The World of the New Sales Coach

If you think of the sales professional’s job as that of a sales guide, the sales manager essentially becomes the sales coach. Themes of this section include inclusiveness, integration, how to view sales, and blurring the lines between lead conversion and customer experience.

Some nuggets:

  1. The coach has to use a sales system, but the system needs to adapt to the special needs of each player. An “A” player can either build or tear down a team.
  2. Help your team become leaders in their chosen marketplace.
  3. Participate and Cooperate. Cooperation is a lot more fruitful than competition; therefore, look for ways to collaborate, educate, and even help other members of your industry for the greater good.
  4. Bridge the gap between marketing and sales by involving your counter-part in the process of customer engagement. You will benefit with better content and support.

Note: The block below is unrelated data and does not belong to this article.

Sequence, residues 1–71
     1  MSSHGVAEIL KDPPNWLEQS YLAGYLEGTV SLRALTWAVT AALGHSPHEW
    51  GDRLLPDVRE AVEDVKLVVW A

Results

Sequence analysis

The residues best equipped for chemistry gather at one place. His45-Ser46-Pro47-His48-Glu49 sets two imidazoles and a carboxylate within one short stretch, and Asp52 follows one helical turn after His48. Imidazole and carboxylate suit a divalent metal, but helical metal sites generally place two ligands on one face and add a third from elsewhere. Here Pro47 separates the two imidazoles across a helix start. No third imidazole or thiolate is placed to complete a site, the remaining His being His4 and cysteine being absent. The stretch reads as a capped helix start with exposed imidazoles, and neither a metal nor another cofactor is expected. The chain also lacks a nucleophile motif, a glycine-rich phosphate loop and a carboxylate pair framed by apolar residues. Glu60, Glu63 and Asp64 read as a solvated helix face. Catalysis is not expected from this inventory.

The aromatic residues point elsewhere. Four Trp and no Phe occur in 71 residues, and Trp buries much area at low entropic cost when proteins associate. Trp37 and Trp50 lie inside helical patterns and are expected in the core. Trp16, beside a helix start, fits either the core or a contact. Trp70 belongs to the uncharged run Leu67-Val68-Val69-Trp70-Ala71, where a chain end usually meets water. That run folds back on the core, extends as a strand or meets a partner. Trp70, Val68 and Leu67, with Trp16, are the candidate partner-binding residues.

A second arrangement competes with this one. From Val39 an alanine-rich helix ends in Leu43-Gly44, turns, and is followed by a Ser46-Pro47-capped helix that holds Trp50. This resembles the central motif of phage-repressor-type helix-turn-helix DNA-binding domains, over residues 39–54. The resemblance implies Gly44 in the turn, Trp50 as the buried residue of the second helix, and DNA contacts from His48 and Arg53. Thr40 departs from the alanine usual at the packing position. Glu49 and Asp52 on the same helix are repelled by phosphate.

5. The best sales people are neither extroverts nor introverts. They are ambiverts—equal parts extrovert and introvert. (Some very interesting studies and approaches to hiring are covered here.)

John concludes the book pointing out that the phrase, “always be closing” has been replaced by “always be connecting.” In other words, the new sales guide must listen, educate, share, nurture, curate, observe, and deconstruct—as these are now “the new pillars of value delivery in the new world of selling.”

Even if you are currently using a sales methodology, I highly recommend that you buy and read this book. Too often, I find that new books don’t necessarily contain new AND insightful information. But rest assured that in this one there is A LOT. Duct Tape Selling: Think Like a Marketer, Sell Like a Superstar is definitely worth reading and sharing with your flock. Check it out.

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Republished with author's permission from original post.

Dan McDade
Dan McDade founded PointClear in 1997 with the mission to be the first and best company providing prospect development services to business-to-business companies with complex sales processes. He has been instrumental in developing the innovative strategies that drive revenue for PointClear clients nationwide.